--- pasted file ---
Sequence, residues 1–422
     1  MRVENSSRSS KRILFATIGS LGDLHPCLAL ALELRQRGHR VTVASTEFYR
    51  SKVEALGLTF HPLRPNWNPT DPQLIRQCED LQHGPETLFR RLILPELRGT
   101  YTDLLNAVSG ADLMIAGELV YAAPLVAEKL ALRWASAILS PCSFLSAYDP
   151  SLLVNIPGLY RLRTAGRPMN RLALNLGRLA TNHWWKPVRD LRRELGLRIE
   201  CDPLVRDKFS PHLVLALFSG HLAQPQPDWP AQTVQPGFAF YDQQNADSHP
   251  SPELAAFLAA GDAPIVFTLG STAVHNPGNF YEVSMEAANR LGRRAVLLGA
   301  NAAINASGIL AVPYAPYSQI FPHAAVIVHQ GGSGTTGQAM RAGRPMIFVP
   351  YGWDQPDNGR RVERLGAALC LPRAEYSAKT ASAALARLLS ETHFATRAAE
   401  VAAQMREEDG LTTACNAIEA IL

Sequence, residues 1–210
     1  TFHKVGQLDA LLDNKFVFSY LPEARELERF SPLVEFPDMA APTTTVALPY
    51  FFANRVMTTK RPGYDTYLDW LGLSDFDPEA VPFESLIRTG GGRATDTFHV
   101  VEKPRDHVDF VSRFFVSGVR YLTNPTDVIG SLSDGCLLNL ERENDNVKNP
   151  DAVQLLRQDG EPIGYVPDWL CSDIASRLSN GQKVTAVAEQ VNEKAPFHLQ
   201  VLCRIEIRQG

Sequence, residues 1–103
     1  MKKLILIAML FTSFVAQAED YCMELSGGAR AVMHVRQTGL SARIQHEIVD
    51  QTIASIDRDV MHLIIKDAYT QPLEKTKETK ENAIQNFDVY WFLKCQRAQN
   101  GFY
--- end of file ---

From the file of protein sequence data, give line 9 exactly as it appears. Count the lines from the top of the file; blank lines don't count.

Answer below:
   351  YGWDQPDNGR RVERLGAALC LPRAEYSAKT ASAALARLLS ETHFATRAAE